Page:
This is going to be an outstanding winter of sports, especially for someone like me. I never played a sport, which is why, even at home, when it comes to sports, I’m a lone wolf.

The men in my life are all focused on the Super Bowl. The testosterone fills the air and the insults are hurled from the New Orleans Saints fan (the 11-year-old) to the Seattle Seahawks fan (The Carpenter), with significant jabs from the San Francisco 49ers fan (Grampa Gary) delivered over the telephone. It’s the only time these fellas get dressed up in matching attire.

It’s a classic scene really, and despite the belching and farting games that add to the apparent boy’s club atmosphere, a football game in my house is a cultural experience. The Carpenter emerges from the bedroom in his Seahawks sweatshirt, stretched over his Seahawks T-shirt, with a matching toque on his head. He looks ridiculous, which only makes him act more so, and the volume of couch-coaching increases as he yells and cheers, “The road to the Super Bowl goes through Seattle, kids!”

Our son joins the televised event in his New Orleans Saint’s Drew Brees jersey. Taking it one step further, he wears a giant gold foam fleur des lis, which he alternates with his Saints touque, particularly after his father has removed the giant foam hat and whapped the child over the head with it repeatedly, which then turns into the boyish game of wrestling/home remodeling. The screams of laughter and father-son banter somehow make up for the jokes about body functions. Almost.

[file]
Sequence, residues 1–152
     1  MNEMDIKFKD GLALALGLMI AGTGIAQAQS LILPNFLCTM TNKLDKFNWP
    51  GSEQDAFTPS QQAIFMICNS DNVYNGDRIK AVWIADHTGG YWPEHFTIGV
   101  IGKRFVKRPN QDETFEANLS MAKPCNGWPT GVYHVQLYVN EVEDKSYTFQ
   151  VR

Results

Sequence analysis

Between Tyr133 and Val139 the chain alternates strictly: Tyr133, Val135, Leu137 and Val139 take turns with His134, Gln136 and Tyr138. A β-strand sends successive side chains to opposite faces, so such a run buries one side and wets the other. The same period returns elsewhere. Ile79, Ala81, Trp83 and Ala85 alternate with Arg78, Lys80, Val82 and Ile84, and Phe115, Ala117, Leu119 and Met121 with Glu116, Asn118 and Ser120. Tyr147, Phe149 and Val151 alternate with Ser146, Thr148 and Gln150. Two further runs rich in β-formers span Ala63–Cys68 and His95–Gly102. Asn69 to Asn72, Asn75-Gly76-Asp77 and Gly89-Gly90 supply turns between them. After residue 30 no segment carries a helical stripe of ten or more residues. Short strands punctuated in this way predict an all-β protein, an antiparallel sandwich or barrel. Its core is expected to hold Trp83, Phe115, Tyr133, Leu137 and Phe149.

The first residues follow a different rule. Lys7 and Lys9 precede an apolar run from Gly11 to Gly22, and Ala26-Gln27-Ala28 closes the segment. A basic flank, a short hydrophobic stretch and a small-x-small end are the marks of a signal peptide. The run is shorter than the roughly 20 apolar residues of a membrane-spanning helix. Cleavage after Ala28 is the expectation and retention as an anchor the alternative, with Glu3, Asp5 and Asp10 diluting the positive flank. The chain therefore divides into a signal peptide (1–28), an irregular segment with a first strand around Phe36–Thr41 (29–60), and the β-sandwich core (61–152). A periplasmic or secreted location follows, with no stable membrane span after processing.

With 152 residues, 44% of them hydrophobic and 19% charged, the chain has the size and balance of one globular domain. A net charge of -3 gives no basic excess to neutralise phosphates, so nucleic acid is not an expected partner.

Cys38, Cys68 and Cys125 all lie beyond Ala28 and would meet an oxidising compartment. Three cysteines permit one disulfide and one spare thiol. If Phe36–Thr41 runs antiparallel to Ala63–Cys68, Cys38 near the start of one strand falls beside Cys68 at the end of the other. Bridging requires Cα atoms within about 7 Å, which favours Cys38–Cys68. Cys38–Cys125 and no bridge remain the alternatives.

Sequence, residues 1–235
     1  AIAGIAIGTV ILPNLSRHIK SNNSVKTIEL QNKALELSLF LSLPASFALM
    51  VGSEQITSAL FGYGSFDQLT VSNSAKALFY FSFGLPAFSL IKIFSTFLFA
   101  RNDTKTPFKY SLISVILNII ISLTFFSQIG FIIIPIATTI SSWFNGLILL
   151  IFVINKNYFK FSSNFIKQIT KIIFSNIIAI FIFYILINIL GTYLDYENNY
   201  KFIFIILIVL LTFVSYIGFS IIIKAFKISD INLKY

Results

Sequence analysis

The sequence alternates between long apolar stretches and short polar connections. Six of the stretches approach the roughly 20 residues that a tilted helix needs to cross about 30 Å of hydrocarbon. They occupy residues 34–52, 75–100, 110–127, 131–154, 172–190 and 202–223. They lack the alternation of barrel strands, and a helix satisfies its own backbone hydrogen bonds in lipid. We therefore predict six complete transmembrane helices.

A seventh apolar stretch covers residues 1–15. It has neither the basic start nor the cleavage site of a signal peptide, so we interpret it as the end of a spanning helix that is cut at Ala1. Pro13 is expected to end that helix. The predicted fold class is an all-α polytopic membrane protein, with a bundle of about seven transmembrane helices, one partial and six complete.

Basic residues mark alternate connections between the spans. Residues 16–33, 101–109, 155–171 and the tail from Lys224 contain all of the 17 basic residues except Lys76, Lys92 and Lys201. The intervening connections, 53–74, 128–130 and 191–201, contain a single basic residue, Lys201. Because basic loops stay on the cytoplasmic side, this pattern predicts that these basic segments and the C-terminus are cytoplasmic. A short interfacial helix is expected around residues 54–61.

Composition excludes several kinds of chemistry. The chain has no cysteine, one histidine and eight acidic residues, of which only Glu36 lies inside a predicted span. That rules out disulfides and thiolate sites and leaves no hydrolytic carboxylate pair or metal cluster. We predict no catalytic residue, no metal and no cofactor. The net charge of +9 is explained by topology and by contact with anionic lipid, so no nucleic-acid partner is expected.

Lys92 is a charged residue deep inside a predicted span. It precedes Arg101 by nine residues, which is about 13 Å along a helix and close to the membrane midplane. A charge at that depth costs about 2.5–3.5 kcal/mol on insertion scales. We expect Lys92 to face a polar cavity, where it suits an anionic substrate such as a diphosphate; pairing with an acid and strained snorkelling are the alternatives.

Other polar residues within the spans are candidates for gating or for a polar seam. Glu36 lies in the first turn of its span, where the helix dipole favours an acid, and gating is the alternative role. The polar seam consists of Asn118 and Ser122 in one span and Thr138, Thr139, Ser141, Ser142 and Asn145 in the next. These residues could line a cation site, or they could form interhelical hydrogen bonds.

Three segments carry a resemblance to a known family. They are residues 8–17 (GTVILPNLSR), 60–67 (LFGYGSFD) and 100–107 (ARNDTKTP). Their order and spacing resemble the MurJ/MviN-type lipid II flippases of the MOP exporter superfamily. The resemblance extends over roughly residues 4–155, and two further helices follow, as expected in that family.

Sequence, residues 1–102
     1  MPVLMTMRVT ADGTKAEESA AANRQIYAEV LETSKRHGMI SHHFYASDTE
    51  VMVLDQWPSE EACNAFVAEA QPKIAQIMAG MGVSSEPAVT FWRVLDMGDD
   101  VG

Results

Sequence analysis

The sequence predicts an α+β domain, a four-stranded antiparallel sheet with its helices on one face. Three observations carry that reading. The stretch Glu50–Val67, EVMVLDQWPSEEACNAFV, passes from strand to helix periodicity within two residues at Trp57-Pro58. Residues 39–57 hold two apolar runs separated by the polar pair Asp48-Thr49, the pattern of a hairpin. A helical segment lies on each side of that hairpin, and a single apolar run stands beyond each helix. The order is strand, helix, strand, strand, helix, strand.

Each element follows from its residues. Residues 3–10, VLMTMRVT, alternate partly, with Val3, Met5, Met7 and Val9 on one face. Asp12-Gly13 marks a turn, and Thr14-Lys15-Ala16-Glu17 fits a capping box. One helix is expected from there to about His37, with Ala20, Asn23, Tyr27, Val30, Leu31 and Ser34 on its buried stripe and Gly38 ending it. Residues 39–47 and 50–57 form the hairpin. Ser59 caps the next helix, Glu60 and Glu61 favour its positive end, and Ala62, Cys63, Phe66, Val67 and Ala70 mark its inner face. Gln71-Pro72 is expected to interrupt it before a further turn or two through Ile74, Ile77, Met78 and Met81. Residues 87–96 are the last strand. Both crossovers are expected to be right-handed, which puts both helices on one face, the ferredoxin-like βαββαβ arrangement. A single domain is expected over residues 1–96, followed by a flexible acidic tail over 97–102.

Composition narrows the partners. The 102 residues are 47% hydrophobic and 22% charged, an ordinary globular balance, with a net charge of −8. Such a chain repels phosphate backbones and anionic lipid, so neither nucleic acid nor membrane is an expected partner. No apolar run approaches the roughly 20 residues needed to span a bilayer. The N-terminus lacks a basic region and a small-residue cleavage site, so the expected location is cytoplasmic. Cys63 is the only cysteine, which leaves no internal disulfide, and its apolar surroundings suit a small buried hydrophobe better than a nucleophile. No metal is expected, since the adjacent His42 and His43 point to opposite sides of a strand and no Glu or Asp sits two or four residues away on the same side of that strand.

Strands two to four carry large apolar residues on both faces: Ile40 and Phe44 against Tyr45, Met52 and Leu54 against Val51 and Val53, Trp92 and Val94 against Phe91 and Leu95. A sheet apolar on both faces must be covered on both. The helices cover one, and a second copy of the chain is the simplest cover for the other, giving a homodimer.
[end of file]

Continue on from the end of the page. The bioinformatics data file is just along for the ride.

From the safety of the landing above, my daughter and I watch and shake our heads. Boys. Silly boys.

I can hardly wait for the Sochi Winter Olympics and the way the whole country seems to unite over sports most of us will never try. All that flag waving is good for the soul. Our whole family gets into it.

But as the lone wolf in my house, I’ll be cheering for the sport that gets the least television coverage and none of the media glory: lacrosse. The Toronto Rock open the 2014 National Lacrosse League season this weekend, and I will up the estrogen levels in my house and show my boys what fandom is all about, without the foul body odours and potty language (maybe).

I still find it hard, as a female with no male ties to the game, to admit I like lacrosse. I think it is the sexism issue. If I like lacrosse, I must be a cougar. Right? Because NLL players want a 40-something married mother of two hanging out in the dressing room. I assure you, I never hung out with the lacrosse team in high school, (read: band geek). It’s a little late now.

But I am guilty of finding it exciting to watch Canada’s other national sport, because I have such respect for the athletes who play it. It’s non-stop action, full-on speed, big guys whacking each other with sticks and avoiding hits (sometimes), throwing a hard, small white ball around, wielding it at a tiny net with the largest, padded dude I’ve ever seen on guard. It’s a whole lot of skill, serious courage and just enough primal anger to make my day. And yes, the shorts help. I make no apologies for that. Actually, it’s kind of like home, without the fart jokes.